HRW Presses Zambia to Protect Workers In Chinese Owned Copper Mines

Posted November 3rd, 2011 at 5:35 am (UTC-5)
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Human Rights Watch says Zambia’s president must ensure workers in the country’s Chinese-owned cooper mines are not subjected to unsafe conditions.

The rights group says President Michael Sata has failed to make good on a campaign pledge to enforce and improve copper mining safety regulations.

In a report Thursday, Human Rights Watch outlined poor safety conditions in Zambian mines owned by China’s Non-Ferrous Metals Mining Corporation.

HRW says workers are forced to work shifts lasting from 12 to 18 hours in mines with poor ventilation.

Under Zambian law, miners can work eight hour shifts totaling 48 hours each week.

The rights group says some miners also complained of working without a day off, and those who refused to work risk losing their job.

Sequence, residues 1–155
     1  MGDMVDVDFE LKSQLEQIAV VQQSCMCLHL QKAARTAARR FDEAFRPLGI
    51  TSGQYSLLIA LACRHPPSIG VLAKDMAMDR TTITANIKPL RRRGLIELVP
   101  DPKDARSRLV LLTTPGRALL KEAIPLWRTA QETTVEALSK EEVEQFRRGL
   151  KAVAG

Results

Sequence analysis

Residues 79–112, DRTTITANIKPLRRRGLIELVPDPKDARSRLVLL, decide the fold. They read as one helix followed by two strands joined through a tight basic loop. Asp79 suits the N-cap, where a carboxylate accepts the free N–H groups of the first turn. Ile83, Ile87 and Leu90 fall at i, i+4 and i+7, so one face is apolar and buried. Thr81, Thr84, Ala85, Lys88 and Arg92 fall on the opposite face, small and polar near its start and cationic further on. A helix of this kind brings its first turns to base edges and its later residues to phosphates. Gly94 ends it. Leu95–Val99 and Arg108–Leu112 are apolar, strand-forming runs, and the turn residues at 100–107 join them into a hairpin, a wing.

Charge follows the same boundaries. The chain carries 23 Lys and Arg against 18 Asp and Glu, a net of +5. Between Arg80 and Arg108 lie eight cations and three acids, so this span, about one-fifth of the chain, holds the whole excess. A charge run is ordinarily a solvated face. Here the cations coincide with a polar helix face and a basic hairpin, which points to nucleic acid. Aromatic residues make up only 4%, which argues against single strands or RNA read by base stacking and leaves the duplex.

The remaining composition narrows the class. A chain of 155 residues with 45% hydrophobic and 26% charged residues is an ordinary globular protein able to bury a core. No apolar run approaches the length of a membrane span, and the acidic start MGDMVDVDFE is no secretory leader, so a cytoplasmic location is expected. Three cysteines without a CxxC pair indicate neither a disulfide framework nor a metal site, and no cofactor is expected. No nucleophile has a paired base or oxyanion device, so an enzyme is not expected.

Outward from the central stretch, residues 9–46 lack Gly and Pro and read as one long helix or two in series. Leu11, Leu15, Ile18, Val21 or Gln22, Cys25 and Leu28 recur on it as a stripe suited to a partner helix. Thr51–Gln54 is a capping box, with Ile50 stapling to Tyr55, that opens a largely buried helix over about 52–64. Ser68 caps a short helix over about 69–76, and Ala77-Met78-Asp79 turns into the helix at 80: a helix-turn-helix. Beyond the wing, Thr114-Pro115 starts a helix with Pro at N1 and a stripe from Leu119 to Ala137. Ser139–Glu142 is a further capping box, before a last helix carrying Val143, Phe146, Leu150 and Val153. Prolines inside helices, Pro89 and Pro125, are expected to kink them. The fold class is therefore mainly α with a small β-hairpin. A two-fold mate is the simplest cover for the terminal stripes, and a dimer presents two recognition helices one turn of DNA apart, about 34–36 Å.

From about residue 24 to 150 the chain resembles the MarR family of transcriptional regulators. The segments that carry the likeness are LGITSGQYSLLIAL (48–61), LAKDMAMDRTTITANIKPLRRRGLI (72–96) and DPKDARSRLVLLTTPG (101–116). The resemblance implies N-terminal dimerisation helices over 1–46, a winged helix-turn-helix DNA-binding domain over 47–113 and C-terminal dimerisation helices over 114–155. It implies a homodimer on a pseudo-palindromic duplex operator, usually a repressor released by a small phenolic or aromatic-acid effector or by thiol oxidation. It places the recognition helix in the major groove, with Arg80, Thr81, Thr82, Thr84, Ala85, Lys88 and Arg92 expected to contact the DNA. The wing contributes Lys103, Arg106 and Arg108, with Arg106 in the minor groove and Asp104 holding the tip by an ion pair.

HRW African Director Daniel Bekele says China has made some improvements, such as providing protective equipment. But he says conditions still fall short of meeting accepted labor standards.

Bekele says while both countries benefit from the cooper industry, it’s up to Zambia’s president to make sure mining laws are enforced to protect the rights of workers.

Human Rights Watch says China’s investment in cooper mining accounts for 75 percent of Zambia’s exports and two thirds of the revenue generated by the government.